Monday, November 2, 2009

Insurance companies don't have to be "bad" for the public option to be good

insurance companies

SOME, including President Obama, have said that a public health-insurance option is necessary to "keep insurance companies honest." However, there's no need to imply that private insurance companies are dishonest. Rather, they're simply not designed to provide the type of low-cost, universal access to basic health-care services that America desperately needs.

Why? Well, there are two fundamental economic problems in the private health-insurance market. The first is overconsumption. A few decades ago, American businesses found out the hard way that by paying their employees' health-care bills, they inadvertently shielded their workers from bearing the associated costs. Employees inevitably ended up consuming too much and health-care expenses spiraled. In fact, the U.S. managed-care industry grew out of employers' attempts to tackle this overconsumption problem.

The second problem is what economists refer to as "adverse selection." While the concept originated in an insight about the used-car market, it is now a fundamental pillar of insurance economics. The idea is simple: Markets work badly whenever sellers know more than buyers (or vice versa).

Consider the plight of used-car buyers, for example. If they offer an "average" price for what they expect is an average-quality car, they'll inevitably overpay. This is because higher-quality car owners will refuse to sell, while lower-quality owners will gladly accept. If buyers lower their offer, even more high-quality car owners will refuse to sell, leading to a vicious cycle.

Economically speaking, the private-insurance market functions just like the market for used cars — and I'm sorry to say consumers are in the position of used-car dealers. That's because individuals know the most about their own health. If insurers set premiums high enough to cover costs for people with "average" health, healthier people will not enroll, while sicker people will find insurance a great deal. Left unchecked, this dynamic leads to ever-rising premiums as healthier people drop out of the market and only sicker people remain.

Private insurance companies, at core, are businesses designed to tackle these economic problems of overconsumption and adverse selection. To limit the former, they invest in restricting access to health-care services — for example, by requiring prior authorization for a number of procedures, refusing to cover others, and setting lifetime limits on benefits received. To tackle the latter, they refuse to cover "pre-existing conditions" and spend enormous sums screening potential customers in an attempt to deny coverage to those most likely to get sick.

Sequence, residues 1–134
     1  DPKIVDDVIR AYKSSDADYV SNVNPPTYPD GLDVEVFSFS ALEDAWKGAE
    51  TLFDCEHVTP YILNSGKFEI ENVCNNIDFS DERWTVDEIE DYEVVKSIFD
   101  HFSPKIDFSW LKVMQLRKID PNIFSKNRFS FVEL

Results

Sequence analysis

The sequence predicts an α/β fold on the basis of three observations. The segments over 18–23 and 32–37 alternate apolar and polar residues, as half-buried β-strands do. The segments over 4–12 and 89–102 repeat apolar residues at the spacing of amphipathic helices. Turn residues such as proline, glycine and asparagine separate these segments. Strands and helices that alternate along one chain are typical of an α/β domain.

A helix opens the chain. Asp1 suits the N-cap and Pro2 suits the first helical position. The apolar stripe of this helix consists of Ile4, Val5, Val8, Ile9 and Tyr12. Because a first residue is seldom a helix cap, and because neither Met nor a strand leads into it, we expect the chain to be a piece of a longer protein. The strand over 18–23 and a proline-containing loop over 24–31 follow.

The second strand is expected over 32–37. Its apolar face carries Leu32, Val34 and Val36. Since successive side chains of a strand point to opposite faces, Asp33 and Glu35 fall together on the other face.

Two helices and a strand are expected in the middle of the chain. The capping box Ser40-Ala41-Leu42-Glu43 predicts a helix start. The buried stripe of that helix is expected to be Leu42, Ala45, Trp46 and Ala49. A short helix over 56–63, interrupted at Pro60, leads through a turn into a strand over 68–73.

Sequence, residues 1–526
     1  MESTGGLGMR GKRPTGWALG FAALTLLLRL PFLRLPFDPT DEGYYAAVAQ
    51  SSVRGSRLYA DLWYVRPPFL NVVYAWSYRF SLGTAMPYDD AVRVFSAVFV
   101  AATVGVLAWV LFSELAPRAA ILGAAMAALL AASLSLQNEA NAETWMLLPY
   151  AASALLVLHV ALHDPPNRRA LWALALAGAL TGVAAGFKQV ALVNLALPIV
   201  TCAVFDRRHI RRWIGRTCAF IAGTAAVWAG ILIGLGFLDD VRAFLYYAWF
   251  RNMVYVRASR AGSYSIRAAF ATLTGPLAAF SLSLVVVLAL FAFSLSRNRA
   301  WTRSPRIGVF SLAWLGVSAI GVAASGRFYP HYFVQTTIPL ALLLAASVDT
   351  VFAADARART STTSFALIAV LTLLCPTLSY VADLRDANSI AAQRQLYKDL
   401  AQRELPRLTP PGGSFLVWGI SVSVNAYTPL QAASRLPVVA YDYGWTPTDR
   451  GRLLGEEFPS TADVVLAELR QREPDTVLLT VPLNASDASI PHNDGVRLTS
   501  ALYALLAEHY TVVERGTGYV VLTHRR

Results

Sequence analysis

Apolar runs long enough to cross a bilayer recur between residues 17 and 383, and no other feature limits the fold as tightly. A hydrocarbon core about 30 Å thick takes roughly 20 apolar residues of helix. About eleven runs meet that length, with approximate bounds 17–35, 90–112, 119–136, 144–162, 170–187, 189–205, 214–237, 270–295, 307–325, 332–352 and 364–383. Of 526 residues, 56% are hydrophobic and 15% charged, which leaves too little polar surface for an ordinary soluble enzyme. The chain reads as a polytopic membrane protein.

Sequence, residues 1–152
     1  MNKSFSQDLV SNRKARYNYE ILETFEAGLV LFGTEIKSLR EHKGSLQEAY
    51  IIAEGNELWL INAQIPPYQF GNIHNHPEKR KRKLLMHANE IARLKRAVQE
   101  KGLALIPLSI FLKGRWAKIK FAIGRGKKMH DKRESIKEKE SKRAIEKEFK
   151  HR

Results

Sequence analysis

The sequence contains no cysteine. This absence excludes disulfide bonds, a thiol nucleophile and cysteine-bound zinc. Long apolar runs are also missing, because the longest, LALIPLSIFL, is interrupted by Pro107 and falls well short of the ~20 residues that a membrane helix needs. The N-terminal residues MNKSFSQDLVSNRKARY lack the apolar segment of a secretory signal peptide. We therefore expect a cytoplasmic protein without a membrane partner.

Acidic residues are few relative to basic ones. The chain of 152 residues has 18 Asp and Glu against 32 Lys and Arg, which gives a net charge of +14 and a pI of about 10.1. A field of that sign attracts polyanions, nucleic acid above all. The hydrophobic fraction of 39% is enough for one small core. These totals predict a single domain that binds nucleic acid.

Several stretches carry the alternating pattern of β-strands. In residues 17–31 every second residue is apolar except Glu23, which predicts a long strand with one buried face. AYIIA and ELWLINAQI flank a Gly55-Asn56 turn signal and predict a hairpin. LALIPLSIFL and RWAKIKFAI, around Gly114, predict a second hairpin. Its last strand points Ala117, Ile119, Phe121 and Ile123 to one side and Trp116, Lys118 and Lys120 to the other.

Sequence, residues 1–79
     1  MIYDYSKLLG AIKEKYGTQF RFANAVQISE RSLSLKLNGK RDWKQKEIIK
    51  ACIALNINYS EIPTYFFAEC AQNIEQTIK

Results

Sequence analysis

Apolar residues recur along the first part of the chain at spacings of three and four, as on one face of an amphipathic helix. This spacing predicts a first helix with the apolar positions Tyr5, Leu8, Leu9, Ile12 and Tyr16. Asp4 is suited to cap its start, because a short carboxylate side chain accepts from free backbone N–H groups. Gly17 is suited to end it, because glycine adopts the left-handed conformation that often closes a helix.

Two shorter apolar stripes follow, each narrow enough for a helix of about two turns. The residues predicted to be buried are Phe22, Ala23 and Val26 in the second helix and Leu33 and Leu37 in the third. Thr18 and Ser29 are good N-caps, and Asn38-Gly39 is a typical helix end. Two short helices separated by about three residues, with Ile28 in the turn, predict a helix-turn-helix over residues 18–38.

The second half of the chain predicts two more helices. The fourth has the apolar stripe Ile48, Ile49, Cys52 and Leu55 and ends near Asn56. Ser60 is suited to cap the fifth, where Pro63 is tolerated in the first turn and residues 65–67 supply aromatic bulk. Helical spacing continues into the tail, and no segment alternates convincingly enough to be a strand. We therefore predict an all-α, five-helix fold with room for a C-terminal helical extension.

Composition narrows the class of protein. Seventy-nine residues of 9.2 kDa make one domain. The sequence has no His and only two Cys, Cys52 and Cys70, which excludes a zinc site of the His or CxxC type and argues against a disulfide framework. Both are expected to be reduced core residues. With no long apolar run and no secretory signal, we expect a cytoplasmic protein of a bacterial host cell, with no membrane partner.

It is these activities — not excess executive compensation, dividends, or "marketing" — that eat up between 20 to 30 cents of every dollar in premiums they receive. It is also these activities for which insurance companies are frequently criticized.

Are insurance companies wrong to engage in these practices? Well, as profit-seeking enterprises, the cold logic of the market requires them to do so. Unfortunately, the result is a huge population of uninsured Americans whose only recourse is to seek late-stage and emergency-room care, which contributes to the out-of-control health-care costs that are threatening our economy.

Fortunately, most agree this cycle can be halted with policies that guarantee access to essential health-care services for every American. There is sharp disagreement, however, about who should provide the type of low-cost universal insurance that is required.

While emotions run strong on both sides of the public-option debate, the economics are straightforward. Private, for-profit insurance companies are simply not designed or equipped to provide the type of low-cost universal coverage America desperately needs.

Could private insurers adapt their business models to serve this new market? I would certainly expect so, given the right competition. But without the competition a public option will provide, I wouldn't bet a trillion dollars on it — which is exactly what insurance companies are asking us to do.